“A country mustn’t be punished for being humane and taking in a particularly large number of refugees,” said Austrian Finance Minister Hans-Jörg Schelling.
His country and Italy, another front line state in the refugee crisis, want the European Commission to take the costs of caring for asylum-seekers into account in assessing whether their budgets meet E.U. rules under the so-called Stability and Growth Pact, a set of spending constraints imposed on countries using the euro single currency.
Germany, which demanded the set of austerity mandates back in the 1990s when the euro was created, is predictably against the idea. German government sources said the refugee crisis shouldn’t be mixed with deficit rules, and the finance minister, Wolfgang Schäuble, made his opposition plain to his E.U. colleagues at their last meeting.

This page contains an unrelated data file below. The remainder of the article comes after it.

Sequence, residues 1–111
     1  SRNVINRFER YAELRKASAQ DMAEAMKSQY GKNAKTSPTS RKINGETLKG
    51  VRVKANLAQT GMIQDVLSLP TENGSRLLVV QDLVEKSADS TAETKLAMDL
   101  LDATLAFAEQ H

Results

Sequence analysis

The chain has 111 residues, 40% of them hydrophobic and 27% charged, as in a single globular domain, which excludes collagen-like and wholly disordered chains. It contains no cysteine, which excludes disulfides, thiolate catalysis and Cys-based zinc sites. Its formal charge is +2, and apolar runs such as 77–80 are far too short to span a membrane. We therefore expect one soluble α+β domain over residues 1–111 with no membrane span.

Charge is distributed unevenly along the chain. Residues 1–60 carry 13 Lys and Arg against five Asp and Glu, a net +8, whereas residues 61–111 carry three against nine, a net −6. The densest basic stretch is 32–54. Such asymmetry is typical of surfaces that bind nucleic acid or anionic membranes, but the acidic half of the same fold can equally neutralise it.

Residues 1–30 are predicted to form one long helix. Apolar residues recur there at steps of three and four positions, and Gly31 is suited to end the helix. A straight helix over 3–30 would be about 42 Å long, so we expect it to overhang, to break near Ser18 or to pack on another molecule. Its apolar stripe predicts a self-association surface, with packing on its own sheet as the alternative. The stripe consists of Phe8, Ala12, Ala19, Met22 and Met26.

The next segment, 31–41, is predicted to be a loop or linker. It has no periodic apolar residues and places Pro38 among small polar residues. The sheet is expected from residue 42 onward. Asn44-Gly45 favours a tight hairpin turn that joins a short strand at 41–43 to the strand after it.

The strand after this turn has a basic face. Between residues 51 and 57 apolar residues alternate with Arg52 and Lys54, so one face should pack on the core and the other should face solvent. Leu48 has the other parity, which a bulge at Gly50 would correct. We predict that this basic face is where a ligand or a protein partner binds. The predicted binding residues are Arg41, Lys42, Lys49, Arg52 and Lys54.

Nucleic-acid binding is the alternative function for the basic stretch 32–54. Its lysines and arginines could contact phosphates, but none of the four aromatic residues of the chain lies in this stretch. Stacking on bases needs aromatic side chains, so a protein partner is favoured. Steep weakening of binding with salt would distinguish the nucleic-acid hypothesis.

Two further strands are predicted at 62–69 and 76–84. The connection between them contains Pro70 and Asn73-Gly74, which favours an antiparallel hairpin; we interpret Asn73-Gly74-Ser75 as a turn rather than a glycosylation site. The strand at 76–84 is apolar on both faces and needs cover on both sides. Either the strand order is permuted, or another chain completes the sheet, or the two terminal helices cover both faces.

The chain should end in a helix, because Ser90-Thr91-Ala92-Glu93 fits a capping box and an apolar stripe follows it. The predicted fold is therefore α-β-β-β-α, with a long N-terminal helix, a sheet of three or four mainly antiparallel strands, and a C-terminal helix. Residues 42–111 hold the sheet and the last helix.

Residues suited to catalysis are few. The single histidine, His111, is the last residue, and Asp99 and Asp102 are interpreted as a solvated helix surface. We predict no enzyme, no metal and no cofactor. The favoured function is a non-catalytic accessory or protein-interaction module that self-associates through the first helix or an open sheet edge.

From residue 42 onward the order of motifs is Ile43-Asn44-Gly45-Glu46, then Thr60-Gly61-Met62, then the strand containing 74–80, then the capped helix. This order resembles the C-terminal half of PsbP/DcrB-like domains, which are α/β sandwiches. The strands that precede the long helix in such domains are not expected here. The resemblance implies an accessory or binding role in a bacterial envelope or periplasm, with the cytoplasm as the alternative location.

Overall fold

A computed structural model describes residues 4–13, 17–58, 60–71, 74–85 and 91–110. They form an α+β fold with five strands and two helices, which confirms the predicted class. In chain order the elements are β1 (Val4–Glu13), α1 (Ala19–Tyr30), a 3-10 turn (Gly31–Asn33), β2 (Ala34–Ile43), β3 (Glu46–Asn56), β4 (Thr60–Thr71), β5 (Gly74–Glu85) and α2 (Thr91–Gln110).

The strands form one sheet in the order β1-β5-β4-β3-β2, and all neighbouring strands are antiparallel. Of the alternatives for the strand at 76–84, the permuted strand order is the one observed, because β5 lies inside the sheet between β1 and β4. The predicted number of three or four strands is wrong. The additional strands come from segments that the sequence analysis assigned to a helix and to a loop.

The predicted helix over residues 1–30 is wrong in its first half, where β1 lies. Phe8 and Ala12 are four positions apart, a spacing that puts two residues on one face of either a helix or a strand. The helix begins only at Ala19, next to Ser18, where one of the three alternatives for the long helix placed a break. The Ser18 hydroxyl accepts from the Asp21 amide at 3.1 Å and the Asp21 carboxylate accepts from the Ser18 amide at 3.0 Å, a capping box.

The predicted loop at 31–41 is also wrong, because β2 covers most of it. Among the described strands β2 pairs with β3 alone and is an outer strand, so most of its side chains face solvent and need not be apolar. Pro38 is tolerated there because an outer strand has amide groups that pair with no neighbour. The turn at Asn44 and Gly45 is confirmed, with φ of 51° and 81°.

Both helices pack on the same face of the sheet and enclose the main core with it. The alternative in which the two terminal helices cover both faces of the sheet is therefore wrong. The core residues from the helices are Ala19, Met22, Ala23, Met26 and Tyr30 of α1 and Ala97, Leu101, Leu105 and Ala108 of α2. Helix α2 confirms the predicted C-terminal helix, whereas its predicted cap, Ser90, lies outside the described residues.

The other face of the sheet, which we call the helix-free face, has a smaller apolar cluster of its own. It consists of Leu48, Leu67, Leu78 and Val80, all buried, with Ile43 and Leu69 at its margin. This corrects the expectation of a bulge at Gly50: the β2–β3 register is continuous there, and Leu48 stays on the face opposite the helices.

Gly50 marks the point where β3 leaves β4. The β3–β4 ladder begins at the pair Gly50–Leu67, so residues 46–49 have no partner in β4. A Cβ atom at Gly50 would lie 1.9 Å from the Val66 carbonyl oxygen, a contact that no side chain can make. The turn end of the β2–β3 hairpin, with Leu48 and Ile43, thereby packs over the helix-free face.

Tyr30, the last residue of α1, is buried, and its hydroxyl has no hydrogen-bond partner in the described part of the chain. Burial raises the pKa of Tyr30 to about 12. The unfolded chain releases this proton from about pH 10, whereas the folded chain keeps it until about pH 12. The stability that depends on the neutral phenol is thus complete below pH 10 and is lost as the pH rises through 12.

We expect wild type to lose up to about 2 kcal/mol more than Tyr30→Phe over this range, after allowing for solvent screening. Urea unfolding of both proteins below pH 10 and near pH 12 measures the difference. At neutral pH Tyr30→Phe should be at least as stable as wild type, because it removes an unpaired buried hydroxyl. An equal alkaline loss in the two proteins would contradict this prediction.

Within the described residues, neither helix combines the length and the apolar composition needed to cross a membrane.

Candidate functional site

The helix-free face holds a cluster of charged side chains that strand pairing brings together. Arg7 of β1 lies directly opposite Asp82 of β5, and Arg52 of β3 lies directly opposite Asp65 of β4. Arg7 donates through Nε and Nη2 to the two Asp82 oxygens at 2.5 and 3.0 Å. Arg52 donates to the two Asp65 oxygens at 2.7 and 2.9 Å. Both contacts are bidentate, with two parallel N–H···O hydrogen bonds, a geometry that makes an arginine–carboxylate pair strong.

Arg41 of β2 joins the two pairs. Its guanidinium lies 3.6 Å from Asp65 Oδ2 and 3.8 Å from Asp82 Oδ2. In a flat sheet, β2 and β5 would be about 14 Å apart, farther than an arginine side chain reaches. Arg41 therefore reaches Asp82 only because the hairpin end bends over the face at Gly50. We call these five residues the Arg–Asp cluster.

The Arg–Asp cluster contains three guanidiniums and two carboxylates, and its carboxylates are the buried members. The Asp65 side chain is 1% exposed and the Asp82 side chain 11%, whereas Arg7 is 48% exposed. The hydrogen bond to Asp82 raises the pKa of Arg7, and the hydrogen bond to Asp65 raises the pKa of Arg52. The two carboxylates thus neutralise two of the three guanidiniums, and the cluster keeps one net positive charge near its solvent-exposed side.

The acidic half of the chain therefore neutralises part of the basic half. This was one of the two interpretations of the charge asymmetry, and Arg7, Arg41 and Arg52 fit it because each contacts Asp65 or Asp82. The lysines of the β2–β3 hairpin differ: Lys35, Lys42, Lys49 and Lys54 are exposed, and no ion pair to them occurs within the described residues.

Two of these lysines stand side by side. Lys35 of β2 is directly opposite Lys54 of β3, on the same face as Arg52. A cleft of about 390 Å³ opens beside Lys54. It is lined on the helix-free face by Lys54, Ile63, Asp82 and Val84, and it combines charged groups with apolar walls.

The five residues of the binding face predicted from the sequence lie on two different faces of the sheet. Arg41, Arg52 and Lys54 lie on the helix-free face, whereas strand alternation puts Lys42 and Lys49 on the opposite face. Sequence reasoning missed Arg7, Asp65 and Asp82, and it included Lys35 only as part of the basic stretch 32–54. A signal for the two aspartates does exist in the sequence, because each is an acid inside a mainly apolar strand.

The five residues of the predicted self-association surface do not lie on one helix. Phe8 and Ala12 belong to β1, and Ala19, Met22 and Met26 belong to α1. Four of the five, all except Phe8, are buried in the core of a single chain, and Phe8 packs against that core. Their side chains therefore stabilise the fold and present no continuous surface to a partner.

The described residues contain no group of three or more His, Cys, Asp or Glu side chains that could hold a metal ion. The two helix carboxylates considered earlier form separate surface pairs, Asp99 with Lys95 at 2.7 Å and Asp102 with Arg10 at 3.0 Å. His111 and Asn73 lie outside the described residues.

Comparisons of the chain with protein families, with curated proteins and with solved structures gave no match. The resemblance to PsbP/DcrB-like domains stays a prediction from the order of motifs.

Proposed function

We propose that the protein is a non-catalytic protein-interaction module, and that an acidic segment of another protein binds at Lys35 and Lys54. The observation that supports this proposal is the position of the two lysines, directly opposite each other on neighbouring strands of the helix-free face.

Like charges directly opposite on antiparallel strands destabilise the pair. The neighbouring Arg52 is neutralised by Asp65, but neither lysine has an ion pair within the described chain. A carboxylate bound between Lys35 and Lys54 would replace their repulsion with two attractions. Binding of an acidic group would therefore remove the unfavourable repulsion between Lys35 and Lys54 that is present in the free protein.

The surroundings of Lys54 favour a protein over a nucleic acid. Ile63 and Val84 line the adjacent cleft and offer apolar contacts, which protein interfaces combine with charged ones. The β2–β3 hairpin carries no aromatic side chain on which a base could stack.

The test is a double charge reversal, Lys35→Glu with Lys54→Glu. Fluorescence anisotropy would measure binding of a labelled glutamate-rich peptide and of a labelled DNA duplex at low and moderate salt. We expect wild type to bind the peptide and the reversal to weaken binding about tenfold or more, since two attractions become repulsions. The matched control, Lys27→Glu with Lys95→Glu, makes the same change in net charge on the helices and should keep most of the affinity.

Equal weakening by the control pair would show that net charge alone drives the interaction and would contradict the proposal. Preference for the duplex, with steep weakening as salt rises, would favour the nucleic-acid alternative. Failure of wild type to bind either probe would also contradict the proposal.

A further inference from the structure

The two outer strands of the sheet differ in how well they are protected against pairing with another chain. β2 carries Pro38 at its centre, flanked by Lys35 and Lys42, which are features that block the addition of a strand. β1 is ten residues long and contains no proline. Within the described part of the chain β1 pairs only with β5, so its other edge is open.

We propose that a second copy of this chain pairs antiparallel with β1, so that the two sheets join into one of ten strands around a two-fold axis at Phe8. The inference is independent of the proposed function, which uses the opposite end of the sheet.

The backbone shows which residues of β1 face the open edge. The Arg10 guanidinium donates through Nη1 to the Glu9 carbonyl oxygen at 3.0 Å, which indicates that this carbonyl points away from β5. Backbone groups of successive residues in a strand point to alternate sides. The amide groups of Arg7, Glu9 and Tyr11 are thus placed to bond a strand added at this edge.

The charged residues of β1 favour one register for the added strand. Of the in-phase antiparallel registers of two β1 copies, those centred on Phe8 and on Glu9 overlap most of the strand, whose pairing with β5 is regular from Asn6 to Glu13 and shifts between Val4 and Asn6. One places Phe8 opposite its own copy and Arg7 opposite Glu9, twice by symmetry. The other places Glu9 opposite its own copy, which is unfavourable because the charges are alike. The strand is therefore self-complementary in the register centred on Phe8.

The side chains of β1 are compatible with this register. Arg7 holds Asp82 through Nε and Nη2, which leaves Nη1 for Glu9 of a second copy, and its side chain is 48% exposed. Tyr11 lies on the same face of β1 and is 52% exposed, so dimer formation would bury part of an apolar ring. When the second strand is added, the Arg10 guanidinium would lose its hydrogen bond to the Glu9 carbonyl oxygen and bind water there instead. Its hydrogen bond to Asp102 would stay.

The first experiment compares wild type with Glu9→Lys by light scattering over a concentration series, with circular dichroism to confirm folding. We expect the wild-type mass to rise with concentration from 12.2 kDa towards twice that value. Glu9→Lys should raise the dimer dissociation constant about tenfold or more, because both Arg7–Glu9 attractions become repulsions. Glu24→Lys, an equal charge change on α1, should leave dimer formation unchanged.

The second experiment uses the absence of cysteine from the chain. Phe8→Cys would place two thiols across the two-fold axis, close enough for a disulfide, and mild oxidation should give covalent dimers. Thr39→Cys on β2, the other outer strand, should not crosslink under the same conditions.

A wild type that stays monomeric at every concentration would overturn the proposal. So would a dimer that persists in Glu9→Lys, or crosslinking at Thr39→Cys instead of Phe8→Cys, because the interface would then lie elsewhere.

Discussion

But the proposal will be discussed anyway at the next meeting of E.U. finance ministers on October 5 and 6. The Germans may be fighting a losing battle. The E.U. Commission may well grant more budget leeway in response to the worst refugee crisis Europe has experienced since World War II.
Budget discipline is no longer the top priority in Brussels these days. Commission President Jean-Claude Juncker is focusing on economic growth and investments and has said the pact should be interpreted more “flexibly.”
In the current climate, budget rule-breakers don’t have much to fear from him.